Title: Strega Nona, Her Story
Author/Illustrator: Tomie dePaolo
Genre: European Folktale
Theme(s): Family, Culture, Folklore
Opening line/sentence: “It all began one night a long time ago…”

Brief Book Summary:
This book unwraps the story of how Nona became “Strega Nona” by addressing each stage in her life from childhood into adulthood.

Professional Recommendation/Review #1:
Kirkus (Kirkus Reviews, 1996)
This warm and affable prequel to Strega Norm (1975) is a biography of the Italian sorcerer. It is
Sara Cranford
Nov 06, 2014 Sara Cranford rated it really liked it  ·  review of another edition
Strega Nona, Her Story tells the tale of a little girl, Nona, who was born into a family of Stregas, women who posess magic. When Nona was born, her grandma took one look at her and said "one day you will be a strega" because she knew that little Nona was special. Growing up, Nona spent every day by her grandma's side, watching her help the people of their tiny Italian town. She wanted to learn everything her grandmother could teach her, but she knew there was a secret to her grandma's magic. Af ...more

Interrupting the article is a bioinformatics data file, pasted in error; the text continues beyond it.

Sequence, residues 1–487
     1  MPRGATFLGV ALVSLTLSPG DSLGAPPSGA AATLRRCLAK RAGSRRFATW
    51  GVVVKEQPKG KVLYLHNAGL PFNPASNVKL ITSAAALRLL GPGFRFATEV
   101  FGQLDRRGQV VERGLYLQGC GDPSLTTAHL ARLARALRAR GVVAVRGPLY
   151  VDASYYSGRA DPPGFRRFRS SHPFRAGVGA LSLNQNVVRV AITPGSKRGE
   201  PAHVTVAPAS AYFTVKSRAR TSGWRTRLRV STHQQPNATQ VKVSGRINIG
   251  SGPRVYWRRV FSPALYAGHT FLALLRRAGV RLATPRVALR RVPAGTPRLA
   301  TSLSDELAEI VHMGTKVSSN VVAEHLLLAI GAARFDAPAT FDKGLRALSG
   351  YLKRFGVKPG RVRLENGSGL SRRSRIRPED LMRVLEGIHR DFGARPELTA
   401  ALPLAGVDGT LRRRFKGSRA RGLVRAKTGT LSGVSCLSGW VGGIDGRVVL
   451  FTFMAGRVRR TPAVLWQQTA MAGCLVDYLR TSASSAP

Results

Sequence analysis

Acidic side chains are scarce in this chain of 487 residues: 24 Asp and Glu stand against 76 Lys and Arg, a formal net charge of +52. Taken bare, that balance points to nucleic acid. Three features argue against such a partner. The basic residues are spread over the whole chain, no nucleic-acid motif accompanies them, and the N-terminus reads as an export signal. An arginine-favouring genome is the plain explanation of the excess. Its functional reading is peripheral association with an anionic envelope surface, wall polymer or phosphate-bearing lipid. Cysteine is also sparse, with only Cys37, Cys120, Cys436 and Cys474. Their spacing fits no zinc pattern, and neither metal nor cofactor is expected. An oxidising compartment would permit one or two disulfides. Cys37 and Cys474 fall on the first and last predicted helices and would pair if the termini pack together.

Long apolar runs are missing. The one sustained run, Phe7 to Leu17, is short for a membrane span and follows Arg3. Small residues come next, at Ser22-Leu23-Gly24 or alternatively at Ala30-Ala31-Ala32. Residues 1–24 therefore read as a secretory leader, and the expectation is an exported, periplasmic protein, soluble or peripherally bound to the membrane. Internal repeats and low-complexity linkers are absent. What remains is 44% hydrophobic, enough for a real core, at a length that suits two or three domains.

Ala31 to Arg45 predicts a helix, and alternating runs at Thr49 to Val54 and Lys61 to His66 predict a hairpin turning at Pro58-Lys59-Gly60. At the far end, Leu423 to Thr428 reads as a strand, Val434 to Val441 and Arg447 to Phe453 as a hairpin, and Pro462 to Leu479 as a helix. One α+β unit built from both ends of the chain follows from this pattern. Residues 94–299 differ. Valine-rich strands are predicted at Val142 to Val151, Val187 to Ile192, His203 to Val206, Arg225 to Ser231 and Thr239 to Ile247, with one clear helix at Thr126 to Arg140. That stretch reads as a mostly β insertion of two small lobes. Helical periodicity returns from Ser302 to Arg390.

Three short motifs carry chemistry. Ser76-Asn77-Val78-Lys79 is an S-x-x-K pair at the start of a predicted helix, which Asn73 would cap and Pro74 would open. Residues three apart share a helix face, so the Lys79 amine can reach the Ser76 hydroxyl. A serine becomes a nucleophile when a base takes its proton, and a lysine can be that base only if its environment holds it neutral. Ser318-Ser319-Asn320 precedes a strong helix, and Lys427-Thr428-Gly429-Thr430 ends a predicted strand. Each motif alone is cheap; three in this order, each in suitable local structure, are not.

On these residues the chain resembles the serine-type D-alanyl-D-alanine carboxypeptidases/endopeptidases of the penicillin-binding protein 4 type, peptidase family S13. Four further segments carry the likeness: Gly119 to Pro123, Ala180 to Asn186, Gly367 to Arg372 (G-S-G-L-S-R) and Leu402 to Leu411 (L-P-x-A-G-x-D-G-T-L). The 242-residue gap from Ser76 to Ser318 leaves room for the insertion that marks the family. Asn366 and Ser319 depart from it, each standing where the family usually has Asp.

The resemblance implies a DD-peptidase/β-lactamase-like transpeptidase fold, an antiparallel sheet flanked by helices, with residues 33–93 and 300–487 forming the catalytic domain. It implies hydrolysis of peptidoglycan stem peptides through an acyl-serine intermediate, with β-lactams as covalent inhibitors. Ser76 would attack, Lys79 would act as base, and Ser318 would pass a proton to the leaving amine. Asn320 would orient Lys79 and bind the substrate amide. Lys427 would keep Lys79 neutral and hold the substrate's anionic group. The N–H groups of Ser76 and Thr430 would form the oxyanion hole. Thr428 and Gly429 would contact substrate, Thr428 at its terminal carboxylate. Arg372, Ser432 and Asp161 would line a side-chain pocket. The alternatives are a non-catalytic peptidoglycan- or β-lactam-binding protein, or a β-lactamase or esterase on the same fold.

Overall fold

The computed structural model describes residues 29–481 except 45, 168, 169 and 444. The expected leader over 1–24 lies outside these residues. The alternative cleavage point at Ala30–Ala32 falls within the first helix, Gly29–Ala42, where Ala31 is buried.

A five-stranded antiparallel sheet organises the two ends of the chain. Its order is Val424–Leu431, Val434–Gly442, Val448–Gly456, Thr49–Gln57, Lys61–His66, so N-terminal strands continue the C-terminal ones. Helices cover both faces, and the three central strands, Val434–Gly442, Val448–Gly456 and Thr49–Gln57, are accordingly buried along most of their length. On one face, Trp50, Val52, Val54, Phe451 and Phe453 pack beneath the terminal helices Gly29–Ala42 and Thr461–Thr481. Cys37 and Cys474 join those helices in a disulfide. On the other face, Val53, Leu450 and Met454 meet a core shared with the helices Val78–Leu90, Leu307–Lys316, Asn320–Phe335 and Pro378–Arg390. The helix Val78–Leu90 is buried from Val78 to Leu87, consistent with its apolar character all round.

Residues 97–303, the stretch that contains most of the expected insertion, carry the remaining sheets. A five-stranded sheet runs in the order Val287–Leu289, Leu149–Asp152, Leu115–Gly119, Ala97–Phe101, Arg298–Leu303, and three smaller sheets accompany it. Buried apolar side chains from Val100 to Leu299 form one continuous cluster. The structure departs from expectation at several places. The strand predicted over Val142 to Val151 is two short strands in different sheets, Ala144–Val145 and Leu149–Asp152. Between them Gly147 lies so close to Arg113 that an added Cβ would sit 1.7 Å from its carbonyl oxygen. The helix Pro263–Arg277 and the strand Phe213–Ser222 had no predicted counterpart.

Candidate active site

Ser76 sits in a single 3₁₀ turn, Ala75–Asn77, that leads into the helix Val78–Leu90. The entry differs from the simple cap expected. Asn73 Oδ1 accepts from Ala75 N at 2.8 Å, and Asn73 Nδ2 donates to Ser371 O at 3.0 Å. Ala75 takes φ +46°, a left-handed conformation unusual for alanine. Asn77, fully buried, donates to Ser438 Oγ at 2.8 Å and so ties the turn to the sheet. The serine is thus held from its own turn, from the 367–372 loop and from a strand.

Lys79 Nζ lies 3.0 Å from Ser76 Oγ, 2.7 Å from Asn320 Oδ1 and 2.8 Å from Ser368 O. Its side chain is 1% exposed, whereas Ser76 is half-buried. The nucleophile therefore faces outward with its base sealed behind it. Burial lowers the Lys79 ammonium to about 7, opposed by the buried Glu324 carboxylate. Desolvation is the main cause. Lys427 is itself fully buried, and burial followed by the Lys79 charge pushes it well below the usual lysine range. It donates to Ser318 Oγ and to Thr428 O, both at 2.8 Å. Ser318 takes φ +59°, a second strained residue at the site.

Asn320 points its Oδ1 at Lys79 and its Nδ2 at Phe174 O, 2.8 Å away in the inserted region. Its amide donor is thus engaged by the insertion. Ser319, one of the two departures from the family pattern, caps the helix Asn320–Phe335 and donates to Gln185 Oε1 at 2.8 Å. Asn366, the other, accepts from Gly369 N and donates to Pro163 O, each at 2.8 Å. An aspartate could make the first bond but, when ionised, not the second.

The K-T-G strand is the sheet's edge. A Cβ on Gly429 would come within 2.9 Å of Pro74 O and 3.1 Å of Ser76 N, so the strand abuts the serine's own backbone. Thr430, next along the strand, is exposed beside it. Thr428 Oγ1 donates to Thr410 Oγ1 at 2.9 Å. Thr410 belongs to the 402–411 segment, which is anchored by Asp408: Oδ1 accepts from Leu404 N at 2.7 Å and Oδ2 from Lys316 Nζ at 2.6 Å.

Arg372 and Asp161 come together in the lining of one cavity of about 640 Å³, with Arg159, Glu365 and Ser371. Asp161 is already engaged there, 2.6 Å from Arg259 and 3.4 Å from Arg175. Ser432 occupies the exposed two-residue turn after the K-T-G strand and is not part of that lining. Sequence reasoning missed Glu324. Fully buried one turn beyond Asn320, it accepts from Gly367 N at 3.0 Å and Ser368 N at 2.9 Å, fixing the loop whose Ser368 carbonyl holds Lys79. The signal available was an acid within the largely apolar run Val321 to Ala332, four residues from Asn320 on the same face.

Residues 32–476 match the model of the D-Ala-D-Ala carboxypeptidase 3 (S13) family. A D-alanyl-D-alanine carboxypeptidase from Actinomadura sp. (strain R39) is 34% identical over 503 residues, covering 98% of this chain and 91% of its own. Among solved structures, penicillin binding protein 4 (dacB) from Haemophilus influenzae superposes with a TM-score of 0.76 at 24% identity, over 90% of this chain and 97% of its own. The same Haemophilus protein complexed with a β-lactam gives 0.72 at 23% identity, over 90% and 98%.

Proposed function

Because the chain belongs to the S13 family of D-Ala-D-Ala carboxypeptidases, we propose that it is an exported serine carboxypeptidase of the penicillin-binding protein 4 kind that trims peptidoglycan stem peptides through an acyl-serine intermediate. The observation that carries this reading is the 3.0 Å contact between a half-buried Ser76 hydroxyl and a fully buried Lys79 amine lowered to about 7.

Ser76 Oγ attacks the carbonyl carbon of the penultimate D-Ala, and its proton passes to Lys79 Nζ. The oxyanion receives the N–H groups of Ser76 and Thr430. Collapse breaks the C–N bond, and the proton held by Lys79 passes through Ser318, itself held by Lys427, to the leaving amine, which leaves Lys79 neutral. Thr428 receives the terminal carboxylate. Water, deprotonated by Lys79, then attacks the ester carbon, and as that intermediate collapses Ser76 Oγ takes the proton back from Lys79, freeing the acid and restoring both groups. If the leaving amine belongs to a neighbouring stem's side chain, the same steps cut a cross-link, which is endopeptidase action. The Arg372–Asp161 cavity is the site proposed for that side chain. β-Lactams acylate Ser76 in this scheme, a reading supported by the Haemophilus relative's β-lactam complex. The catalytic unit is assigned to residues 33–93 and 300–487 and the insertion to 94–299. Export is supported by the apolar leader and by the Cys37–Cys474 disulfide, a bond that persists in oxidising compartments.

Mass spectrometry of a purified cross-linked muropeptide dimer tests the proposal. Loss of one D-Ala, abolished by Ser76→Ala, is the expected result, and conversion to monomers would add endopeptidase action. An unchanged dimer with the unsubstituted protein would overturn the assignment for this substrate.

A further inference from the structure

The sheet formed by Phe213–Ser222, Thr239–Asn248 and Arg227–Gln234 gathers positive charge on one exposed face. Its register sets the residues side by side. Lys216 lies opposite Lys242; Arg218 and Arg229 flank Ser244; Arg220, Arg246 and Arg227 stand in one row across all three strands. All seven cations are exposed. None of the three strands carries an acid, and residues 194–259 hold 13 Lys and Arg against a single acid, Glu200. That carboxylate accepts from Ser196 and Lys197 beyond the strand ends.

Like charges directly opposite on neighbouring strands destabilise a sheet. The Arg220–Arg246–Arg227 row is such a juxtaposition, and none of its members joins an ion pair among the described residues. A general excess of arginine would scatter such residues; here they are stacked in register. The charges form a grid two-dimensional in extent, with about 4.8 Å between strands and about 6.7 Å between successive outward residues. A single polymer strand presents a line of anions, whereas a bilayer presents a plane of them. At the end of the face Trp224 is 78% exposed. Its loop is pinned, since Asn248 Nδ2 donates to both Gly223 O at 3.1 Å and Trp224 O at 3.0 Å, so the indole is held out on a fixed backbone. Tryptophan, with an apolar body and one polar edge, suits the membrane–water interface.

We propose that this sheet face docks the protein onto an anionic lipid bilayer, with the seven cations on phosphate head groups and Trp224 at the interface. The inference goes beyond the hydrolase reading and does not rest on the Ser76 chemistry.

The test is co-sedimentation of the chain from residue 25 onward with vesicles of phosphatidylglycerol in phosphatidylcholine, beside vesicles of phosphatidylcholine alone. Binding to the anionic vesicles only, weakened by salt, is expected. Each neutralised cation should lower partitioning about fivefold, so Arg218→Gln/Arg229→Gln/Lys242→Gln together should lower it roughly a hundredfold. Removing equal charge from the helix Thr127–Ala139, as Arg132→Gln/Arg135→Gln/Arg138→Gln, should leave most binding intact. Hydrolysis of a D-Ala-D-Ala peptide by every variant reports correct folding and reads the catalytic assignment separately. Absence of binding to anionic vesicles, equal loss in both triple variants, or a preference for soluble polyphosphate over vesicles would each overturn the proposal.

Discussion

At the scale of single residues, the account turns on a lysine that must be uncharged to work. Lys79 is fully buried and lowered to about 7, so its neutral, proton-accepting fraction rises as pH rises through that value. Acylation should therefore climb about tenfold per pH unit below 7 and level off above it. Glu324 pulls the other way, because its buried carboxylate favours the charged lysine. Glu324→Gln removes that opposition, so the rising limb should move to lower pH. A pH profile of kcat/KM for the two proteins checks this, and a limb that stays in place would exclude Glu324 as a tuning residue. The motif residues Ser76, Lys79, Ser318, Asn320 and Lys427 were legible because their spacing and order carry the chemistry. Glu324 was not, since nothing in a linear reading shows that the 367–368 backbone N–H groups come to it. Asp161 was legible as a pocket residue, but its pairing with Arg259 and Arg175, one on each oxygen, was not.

Feb 01, 2012 Isabella rated it really liked it  ·  review of another edition
This book was one I was revisiting from childhood--a short story with wonderful voice and character. It is full of warmth and humor and familial love (all good, important qualities for children to be familiar with!). There is also a subtle message of there being equal honor in a variety of approaches of learning--and special emphasis on the value of learning traditions and wisdom from our knowledgeable elders.
Oct 28, 2010 Lisa rated it it was amazing  ·  review of another edition
These books remind me of my Nana, from Sicily and her stories she tells. I love reading them with my sons. In Strega Nona: Her Story we learn Nona's birth story and how she became a strega. I like the lesson in the book, the secret ingredient to many things in life is LOVE. I also like the message that you dont need a diploma to be good at what you do.